Millennials nostalgic about load-shedding, don’t realise it’s Stockholm syndrome
As load-shedding is back on the menu for Bangladesh, millennials are getting nostalgic about their late 90-s electricity deficient childhood. Although the government is claiming this to be a temporary issue, local millennials are on the streets with the ludicrous demand of making load-shedding permanent as a part of our heritage.
One of the frontliners of the movement and admin of the Facebook page '90s kids', Shadman Sakib, forced the press to listen to him whine about his childhood, "Kids these days have everything easy. Access to internet, 24-hour electricity, proper drainage system, less physical abuse at schools – you know, basic necessities for a healthy life. I didn't have access to any of these in my childhood and now it's only fair that everyone must suffer too. It's that simple!"
"Back in our days, we had to sit for hours in darkness while getting bitten by mosquitoes as big as our ego. We didn't have these fancy mosquito bats back then! Who needs passive smoking to destroy your lungs when Akiz mosquito coil can do the trick?" Shadman coughed as he told us about his struggles as a member of the most annoying generation to exist, "These Gen-Z kids complain about broken roads – the audacity! Back then, we went to school on boats during floods. With our feet soaked in drain water, floating faeces would greet us in all their stench. Many of my kindergarten friends lost their feet to gangrene – ah memories! Sometimes I leave this urban jungle and go back to Bashundhara and Mirpur just to reminisce how it feels to live like savages with dysfunctional sanitation and drainage system."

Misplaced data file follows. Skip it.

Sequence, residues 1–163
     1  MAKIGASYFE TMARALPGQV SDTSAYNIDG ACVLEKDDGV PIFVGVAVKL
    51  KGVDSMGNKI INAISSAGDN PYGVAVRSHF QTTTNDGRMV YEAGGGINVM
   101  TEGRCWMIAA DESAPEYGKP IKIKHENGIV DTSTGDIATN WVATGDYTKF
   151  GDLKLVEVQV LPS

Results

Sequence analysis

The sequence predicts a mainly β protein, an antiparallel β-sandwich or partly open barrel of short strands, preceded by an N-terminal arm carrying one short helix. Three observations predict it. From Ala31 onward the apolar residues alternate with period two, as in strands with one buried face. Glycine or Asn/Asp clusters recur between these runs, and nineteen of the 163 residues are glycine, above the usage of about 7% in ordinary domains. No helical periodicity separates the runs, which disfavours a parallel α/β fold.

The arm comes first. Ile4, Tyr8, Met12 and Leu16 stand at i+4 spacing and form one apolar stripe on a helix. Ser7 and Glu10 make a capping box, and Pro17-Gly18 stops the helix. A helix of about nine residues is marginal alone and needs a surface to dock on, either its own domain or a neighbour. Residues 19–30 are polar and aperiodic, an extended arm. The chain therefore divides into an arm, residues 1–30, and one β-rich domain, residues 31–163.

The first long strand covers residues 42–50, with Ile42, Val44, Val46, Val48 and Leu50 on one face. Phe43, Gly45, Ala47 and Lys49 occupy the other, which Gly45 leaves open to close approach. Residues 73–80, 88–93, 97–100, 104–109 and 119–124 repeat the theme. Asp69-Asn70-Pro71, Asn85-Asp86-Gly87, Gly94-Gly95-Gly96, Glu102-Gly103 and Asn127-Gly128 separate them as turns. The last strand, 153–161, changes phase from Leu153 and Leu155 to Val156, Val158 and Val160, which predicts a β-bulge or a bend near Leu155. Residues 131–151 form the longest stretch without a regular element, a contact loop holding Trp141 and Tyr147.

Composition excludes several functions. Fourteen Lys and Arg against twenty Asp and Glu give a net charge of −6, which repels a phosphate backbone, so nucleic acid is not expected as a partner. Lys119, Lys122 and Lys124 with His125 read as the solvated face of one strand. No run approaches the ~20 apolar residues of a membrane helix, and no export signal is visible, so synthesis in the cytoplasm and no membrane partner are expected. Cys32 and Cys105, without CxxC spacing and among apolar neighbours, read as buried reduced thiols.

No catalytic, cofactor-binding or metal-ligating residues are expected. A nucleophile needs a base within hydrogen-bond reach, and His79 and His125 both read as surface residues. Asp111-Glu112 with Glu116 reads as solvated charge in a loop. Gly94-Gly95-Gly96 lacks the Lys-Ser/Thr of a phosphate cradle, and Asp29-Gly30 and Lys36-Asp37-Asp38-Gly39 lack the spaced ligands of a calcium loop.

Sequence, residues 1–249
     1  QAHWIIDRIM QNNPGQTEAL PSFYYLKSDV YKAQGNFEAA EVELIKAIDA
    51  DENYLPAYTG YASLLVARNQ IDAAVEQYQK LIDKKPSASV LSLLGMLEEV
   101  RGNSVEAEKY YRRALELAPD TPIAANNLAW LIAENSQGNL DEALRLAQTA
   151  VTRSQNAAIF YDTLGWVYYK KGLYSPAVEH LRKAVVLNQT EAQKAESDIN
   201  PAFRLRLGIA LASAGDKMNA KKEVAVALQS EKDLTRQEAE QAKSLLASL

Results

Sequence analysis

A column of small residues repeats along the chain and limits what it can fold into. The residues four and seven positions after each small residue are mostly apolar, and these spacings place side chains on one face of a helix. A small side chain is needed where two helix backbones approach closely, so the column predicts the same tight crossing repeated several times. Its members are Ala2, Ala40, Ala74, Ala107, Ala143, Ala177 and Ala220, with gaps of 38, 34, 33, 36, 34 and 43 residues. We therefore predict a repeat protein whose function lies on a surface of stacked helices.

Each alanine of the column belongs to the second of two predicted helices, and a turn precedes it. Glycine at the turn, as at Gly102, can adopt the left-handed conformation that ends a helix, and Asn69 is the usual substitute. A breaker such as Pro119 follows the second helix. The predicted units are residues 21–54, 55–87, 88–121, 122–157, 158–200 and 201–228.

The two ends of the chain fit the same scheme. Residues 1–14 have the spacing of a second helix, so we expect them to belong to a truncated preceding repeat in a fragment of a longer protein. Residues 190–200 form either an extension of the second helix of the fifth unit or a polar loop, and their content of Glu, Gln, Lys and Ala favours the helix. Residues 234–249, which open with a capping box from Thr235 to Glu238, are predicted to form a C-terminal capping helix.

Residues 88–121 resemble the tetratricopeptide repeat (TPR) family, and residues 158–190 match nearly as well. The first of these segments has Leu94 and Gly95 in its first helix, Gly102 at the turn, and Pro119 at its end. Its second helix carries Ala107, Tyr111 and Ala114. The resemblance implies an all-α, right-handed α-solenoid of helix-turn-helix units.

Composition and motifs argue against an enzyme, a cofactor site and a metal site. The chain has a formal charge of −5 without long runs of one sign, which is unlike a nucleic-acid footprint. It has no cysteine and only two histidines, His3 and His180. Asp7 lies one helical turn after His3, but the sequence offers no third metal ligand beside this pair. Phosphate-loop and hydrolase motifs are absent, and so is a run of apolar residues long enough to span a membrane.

Shadman believes care for mental health is a privilege true fighters like himself and his fellow millennials couldn't afford, "Kids these days won't stop about how the pandemic was tough on their mental health – pfft! Back in my days, we'd spend half the year fighting the black death and the rest half getting beaten by our parents."
"Weren't you born in 1999? You barely even qualify as a…," this reporter was interrupted by Shadman as he was about to ask a question.
"Shush," he continued, "Ah, the sound of my mother's sandal smashing my back! Still the second-best sound to my ears, the first one being the Uefa Champions League anthem of course. The 90s, man! Apart from major corruption scandals, rise of religious extremism, borderline ethnic cleansing, culture of thug politics, lawlessness and all things 2022, the 1990s were the best!"
"What millennials complaining on the internet don't realise is that, if this were their precious 90s, they wouldn't have internet to show their outrage in the first place," explained psychologist Dr Sigma Fraud, "Their conflict is not with Gen-Z, rather with the very flow of time itself! As much as they despise the boomer generation, we old people handled growing up much better."
With millennials getting more and more irritating with time, the Ministry of Generational Gap has planned to create Upazilla-based support groups to help them, "For millennials to accept themselves, we must accept them first! Whenever you see a millennial, don't just run away. Give your nearest millennial a hug and tell them, 'It's been decades since Alif-Laila ended. I know nothing on Netflix will ever be as good as Alif-Laila or Hatim-Tai, but it's time you stop being annoying and let others enjoy things for once'."
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